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Collapse of EUROZONE - Free Lesson to EA Federation politics

Discussion in 'Jukwaa la Siasa' started by DoubleOSeven, Jul 14, 2011.

  1. D

    DoubleOSeven JF-Expert Member

    Jul 14, 2011
    Joined: Jul 5, 2008
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    This is happening in 2011:-

    Greece Cannot Be Saved: If Italy and Spain Follow, So Goes the Entire EU

    "If a reconstruction plan does not come soon, Europe's leaders will be charged with 'the decline of the West'". Sobering words from Gordon Brown, former Prime Minister of the United Kingdom published in an op-ed in the International Tribune this week.

    As worries over Greece continue to grip the market, the instability of Italy and Spain's sovereign debt has become a major concern as well.
    "It's now necessary for those trying to manage the sovereign crisis to give certainty, to define with clarity the political objectives, the scope of the instruments and the amount of resources available," incoming ECB President Mario Draghi said Wednesday in a speech in Rome, Bloomberg reports. "It's a necessary step to ensure the stability of the euro area and its currency."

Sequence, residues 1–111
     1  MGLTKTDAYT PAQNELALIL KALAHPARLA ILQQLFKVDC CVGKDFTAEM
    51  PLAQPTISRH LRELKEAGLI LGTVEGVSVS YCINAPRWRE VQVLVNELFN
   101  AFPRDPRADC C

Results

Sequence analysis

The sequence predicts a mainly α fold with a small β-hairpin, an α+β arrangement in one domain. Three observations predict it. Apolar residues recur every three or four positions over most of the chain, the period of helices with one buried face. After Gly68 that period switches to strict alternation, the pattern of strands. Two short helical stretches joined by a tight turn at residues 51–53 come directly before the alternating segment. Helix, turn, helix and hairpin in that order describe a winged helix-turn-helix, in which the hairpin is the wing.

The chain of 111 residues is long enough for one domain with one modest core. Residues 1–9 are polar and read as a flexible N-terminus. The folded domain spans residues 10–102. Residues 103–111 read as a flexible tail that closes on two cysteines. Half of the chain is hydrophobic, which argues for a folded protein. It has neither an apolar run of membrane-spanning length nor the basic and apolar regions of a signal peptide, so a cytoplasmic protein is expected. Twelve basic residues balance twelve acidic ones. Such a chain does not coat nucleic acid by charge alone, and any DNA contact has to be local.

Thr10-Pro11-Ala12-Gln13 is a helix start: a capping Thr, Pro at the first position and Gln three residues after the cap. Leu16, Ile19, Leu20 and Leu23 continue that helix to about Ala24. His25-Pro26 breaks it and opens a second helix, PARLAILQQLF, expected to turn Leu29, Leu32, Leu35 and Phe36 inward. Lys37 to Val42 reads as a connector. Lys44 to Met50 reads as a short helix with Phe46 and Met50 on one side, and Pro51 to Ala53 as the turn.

At times like this, the debate almost always shifts to whether the European Union can sustain itself over the long-term.

    ... While the marriage between Tanganyika and Zanzibar is shakier that ever, bigger dreams include political federation of the whole of EAC. Up North, Sudan just went into two pieces and there is plenty of grounds for that. South Sudan might become a newer member of EAC soon and at a time when there is plenty of talk about MONETARY union. Phew!

    My take: Member states have to build strong economies their own countries first and let results been seen. Talk about monetary union ought to be secondary to that if at all necessary.

    What is happening in EU, the model, ought to send alarm to EAC monetary union ambitions
  2. MWEEN

    MWEEN JF-Expert Member

    Jul 14, 2011
    Joined: Feb 6, 2010
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    I am not an economist and my kindergarten "Macroeconomic theories and practise" does not allow me to analyse the situation either. However, the panic that has gripped financial institutions in Europe is a wake-up call to our decision makers to re-look into the ambitious plan for monetary union in the East African Block.

    I remember Europe had a very stringent entry criteria for the Euro, but it seems some members massaged their economic figures to cheat their way into the Eurozone. As the swahili say goes "Mfichaficha maradhi, kilio kitamuumbua". The faults can no longer be hidden away. First it was Greece, then Ireland, Portugal and Spain. The introduction of Italy (widely thought to be World's 8th largest economy) has shaken the hell out of the financial institutions (Specifically because the bail-out package for Greece was partle financed from private sources, AND, there are strong indications that it is going to default on the debt!!!!!!)

    Who are we in the EAC???? Think twice.